Project description:INTRODUCTION:Engaging in scientific misconduct and questionable research practices (QRPs) is a noted problem across fields, including health professions education (HPE). To mitigate these practices, other disciplines have enacted strategies based on researcher characteristics and practice factors. Thus, to inform HPE, this study seeks to determine which researcher characteristics and practice factors, if any, might explain the frequency of irresponsible research practices. METHOD:In 2017, a cross-sectional survey of HPE researchers was conducted. The survey included 66 items adapted from three published surveys: two published QRP surveys and a publication pressure scale. The outcome variable was a self-reported misconduct score, which is a weighted mean score for each respondent on all misconduct and QRP items. Statistical analysis included descriptive statistics, reliability and correlation analysis, and multiple linear regression modelling. RESULTS AND DISCUSSION:In total, 590 researchers completed the survey. Results from the final regression model indicated that researcher age had a negative association with the misconduct score (b?=?-0.01, ??=?-0.22, t?=?-2.91, p?<0.05), suggesting that older researchers tended to report less misconduct. On the other hand, those with more publications had higher misconduct scores (b?=?0.001, ??=?0.17, t?=?3.27, p?<?0.05) and, compared with researchers in the region of North America, researchers in Asia tended to have higher misconduct scores (b?=?0.21, ??=?0.12, t?=?2.84, p?<?0.01). In addition, compared with those who defined their work role as clinician, those who defined their role as researcher tended to have higher misconduct scores (b?=?0.12, ??=?0.13, t?=?2.15, p?<?0.05). Finally, publication pressure emerged as the strongest individual predictor of misconduct (b?=?0.20, ??=?0.34, t?=?7.82, p?<?0.01); the greater the publication pressure, the greater the reported misconduct. Overall, the explanatory variables accounted for 21% of the variance in the misconduct score, with publication pressure accounting for 10% of the variance in the outcome, above and beyond the other explanatory variables. Although correlational, these findings suggest several researcher characteristics and practice factors that could be targeted to address scientific misconduct and QRPs in HPE.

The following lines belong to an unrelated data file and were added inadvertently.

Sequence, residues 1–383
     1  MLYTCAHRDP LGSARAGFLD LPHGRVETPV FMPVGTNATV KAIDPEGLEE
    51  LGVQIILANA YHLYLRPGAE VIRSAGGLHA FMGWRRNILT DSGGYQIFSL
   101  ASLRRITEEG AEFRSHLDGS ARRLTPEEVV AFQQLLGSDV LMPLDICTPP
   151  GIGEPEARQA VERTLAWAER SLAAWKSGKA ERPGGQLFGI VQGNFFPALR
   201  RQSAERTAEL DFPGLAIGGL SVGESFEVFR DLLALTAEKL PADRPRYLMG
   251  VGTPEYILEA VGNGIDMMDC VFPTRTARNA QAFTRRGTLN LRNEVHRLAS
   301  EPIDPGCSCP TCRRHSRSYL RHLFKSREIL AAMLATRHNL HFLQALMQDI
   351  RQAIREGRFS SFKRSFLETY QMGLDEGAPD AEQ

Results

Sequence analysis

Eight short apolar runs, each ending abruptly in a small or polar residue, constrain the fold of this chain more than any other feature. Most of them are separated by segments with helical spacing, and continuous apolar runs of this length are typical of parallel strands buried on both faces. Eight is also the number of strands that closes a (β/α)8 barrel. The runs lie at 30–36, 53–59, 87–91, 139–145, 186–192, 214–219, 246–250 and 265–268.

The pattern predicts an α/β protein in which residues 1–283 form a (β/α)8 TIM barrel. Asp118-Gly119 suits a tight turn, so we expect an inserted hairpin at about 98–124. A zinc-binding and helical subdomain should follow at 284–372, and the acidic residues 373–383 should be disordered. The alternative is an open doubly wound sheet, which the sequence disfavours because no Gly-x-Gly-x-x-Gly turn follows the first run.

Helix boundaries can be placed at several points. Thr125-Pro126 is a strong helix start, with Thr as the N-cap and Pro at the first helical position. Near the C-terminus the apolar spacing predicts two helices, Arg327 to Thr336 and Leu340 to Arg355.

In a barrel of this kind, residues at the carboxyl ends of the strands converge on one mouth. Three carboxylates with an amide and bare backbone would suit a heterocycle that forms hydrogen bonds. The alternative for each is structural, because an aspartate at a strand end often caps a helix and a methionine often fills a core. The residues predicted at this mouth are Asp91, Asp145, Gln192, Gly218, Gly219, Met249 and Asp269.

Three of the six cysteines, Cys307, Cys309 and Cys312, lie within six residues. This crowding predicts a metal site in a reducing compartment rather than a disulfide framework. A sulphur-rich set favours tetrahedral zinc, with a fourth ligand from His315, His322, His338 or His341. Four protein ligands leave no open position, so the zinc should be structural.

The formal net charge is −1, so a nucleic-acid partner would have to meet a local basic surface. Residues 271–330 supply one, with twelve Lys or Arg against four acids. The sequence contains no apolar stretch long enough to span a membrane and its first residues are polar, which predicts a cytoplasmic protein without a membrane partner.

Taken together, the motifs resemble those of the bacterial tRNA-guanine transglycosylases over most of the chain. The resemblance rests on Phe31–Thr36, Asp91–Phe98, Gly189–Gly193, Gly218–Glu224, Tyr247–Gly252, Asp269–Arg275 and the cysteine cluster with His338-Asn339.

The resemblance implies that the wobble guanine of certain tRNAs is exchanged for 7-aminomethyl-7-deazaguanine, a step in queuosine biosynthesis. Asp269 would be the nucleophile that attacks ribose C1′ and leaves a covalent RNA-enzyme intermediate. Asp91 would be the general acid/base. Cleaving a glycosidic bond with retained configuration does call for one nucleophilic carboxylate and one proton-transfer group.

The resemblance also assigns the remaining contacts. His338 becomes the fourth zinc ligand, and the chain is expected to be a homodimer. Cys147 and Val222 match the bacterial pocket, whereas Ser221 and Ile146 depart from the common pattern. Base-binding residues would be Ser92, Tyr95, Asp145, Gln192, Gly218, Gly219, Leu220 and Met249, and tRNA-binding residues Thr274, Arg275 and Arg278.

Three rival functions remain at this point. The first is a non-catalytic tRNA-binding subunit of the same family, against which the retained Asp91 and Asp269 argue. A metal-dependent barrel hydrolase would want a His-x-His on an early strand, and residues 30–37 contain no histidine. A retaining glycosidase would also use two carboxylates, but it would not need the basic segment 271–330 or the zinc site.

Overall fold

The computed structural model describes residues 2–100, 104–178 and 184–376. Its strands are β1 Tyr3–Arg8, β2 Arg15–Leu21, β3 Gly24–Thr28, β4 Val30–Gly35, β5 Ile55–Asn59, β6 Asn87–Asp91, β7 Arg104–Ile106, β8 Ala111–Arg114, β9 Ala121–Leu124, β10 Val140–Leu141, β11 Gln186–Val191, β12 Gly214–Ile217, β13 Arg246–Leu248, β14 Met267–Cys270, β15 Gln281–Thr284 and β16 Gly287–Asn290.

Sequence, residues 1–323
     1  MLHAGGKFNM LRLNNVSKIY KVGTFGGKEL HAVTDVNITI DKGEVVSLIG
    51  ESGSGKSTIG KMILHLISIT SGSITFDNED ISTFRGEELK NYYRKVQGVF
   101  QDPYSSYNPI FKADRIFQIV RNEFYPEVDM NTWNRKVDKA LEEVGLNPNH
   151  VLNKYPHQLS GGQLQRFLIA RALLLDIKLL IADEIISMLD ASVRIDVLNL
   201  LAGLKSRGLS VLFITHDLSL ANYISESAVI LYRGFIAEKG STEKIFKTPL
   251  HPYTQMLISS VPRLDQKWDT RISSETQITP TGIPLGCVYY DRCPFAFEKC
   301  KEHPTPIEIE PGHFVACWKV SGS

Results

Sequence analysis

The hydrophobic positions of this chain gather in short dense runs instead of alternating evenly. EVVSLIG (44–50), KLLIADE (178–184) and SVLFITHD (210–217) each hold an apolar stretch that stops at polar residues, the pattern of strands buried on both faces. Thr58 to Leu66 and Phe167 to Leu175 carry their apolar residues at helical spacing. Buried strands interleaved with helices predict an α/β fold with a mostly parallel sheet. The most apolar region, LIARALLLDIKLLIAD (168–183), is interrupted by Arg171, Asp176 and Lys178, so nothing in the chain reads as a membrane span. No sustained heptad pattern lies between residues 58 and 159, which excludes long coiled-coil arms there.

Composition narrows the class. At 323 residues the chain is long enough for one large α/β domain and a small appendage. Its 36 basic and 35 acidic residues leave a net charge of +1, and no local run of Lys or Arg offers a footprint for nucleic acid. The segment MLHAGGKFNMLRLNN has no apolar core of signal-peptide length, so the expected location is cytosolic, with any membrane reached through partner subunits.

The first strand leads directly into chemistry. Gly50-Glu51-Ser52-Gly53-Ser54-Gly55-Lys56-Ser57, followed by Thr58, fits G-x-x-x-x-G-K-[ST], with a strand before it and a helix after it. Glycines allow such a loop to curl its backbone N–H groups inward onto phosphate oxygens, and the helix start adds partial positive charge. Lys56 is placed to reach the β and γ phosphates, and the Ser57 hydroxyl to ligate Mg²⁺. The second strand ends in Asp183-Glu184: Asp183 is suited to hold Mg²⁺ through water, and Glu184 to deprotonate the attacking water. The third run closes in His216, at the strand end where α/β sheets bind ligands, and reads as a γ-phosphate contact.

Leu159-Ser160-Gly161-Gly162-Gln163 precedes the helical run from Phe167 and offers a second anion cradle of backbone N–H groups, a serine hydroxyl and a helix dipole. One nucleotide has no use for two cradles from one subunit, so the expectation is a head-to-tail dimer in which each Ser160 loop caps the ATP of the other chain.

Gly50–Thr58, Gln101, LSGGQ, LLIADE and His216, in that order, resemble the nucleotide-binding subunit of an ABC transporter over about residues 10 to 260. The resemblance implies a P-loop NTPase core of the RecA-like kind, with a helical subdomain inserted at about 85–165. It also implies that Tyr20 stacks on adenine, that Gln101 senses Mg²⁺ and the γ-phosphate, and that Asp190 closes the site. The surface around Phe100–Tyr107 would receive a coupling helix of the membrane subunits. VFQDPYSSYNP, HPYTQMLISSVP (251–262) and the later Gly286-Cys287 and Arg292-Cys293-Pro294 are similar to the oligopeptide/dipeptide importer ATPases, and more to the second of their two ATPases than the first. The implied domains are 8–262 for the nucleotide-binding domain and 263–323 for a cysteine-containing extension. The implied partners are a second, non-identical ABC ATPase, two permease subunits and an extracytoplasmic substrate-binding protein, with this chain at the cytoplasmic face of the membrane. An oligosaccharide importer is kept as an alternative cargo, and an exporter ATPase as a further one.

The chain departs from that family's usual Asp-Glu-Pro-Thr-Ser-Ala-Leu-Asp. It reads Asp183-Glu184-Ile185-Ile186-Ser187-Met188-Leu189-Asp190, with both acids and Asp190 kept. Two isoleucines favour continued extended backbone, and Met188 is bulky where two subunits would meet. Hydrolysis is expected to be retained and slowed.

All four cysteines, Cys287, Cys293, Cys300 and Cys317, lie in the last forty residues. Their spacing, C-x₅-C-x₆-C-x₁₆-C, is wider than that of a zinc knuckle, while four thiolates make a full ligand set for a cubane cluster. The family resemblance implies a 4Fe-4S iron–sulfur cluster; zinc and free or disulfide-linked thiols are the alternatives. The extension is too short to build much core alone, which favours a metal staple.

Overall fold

Project description:The replicability of research findings has recently been disputed across multiple scientific disciplines. In constructive reaction, the research culture in psychology is facing fundamental changes, but investigations of research practices that led to these improvements have almost exclusively focused on academic researchers. By contrast, we investigated the statistical reporting quality and selected indicators of questionable research practices (QRPs) in psychology students' master's theses. In a total of 250 theses, we investigated utilization and magnitude of standardized effect sizes, along with statistical power, the consistency and completeness of reported results, and possible indications of p-hacking and further testing. Effect sizes were reported for 36% of focal tests (median r = 0.19), and only a single formal power analysis was reported for sample size determination (median observed power 1 - ? = 0.67). Statcheck revealed inconsistent p-values in 18% of cases, while 2% led to decision errors. There were no clear indications of p-hacking or further testing. We discuss our findings in the light of promoting open science standards in teaching and student supervision.